Batman: Black and White is the Best Thing You Aren't Reading
Credit: DC Comics
Usually the idea behind Batman: Black and White brings out underwhelming and painfully pretentious results. The whole collection of short stories thing just doesn't work, but this is Batman. The genesis of the project goes like this:
Mark Chiarello in his introduction to the first collection, writes about a dinner table-discussion he had with "a few famous comic-book artists," which they pondered the "desert island" question in terms of a single complete run of comics one would be happy to be stranded with.
Ultimately, with "half a minute"'s thought, they "amazingly... all agreed, pound for pound, page for page" that the unequivocal choice was Warren Publishing's Creepy, a high point unmatched since "there has never been such a collection of stellar artists assembled under one banner publication" as in Creepy, whose pages were host to (among others) "Toth, Frazetta, Williamson, Torres, Colan, Ditko, Wrightson, Corben, etc."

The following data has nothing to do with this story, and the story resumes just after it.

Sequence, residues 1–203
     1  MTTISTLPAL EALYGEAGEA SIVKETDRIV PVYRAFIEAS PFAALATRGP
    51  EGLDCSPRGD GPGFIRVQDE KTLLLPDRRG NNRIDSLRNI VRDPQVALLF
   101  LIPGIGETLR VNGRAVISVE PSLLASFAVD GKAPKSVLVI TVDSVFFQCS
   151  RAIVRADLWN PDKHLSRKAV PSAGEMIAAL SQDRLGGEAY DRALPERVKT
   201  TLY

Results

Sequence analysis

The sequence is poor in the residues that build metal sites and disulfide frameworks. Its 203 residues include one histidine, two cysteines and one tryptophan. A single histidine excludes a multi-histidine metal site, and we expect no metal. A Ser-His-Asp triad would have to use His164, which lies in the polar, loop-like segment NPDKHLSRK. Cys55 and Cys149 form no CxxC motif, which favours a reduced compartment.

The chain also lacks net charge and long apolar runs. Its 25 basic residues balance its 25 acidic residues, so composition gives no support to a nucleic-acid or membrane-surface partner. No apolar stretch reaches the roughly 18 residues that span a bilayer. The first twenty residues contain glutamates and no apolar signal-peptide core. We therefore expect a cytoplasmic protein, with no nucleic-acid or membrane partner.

Chiarello notes that "most of those stories" were written by one man: Archie Goodwin "probably the very best editor ever to work in comics, probably the very best writer ever to work in comics," (and early mentor to Chiarello when the two worked at Marvel) whose Warren work was itself an "homage to the favorite comics of his youth, the E.C. line."
Thus, Chiarello conceived Batman: Black and White, a collection of short (8 page) Batman stories by "All Star" Writers and Artists in black and white. Despite its low expectations, it was green lit by DC.
The result was truly an achievement in the medium that I can't recommend any more. It seems hard to believe but the 8 page limit that seems like a restriction has actually brought out so much. Other than Brian Bolland's dumb entry, every one is at least very good. My favorite was Simon Bisley and Neil Gaiman's "A Black and White World". I am hooked, and I am starting Volume Two later.